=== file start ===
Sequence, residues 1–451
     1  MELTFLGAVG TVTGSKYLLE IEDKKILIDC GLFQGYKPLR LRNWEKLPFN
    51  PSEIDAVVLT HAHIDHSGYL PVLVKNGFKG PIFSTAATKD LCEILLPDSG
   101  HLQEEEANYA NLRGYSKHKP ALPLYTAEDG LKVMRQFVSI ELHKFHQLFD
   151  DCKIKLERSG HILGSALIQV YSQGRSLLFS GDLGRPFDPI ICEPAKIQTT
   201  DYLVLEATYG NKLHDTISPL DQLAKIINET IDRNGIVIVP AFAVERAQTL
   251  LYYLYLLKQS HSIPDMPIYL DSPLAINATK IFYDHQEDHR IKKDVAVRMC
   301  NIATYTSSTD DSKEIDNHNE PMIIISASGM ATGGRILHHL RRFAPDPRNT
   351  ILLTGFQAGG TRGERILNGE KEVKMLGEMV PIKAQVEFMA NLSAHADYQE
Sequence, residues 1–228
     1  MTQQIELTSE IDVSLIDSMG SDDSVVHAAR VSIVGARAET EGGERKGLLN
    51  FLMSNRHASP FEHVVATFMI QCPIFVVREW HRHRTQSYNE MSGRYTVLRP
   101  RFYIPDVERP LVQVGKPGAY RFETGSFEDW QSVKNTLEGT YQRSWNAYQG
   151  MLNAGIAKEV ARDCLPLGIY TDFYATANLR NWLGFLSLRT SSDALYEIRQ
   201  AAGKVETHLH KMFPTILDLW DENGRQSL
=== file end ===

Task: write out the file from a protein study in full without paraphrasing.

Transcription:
Sequence, residues 1–451
     1  MELTFLGAVG TVTGSKYLLE IEDKKILIDC GLFQGYKPLR LRNWEKLPFN
    51  PSEIDAVVLT HAHIDHSGYL PVLVKNGFKG PIFSTAATKD LCEILLPDSG
   101  HLQEEEANYA NLRGYSKHKP ALPLYTAEDG LKVMRQFVSI ELHKFHQLFD
   151  DCKIKLERSG HILGSALIQV YSQGRSLLFS GDLGRPFDPI ICEPAKIQTT
   201  DYLVLEATYG NKLHDTISPL DQLAKIINET IDRNGIVIVP AFAVERAQTL
   251  LYYLYLLKQS HSIPDMPIYL DSPLAINATK IFYDHQEDHR IKKDVAVRMC
   301  NIATYTSSTD DSKEIDNHNE PMIIISASGM ATGGRILHHL RRFAPDPRNT
   351  ILLTGFQAGG TRGERILNGE KEVKMLGEMV PIKAQVEFMA NLSAHADYQE
Sequence, residues 1–228
     1  MTQQIELTSE IDVSLIDSMG SDDSVVHAAR VSIVGARAET EGGERKGLLN
    51  FLMSNRHASP FEHVVATFMI QCPIFVVREW HRHRTQSYNE MSGRYTVLRP
   101  RFYIPDVERP LVQVGKPGAY RFETGSFEDW QSVKNTLEGT YQRSWNAYQG
   151  MLNAGIAKEV ARDCLPLGIY TDFYATANLR NWLGFLSLRT SSDALYEIRQ
   201  AAGKVETHLH KMFPTILDLW DENGRQSL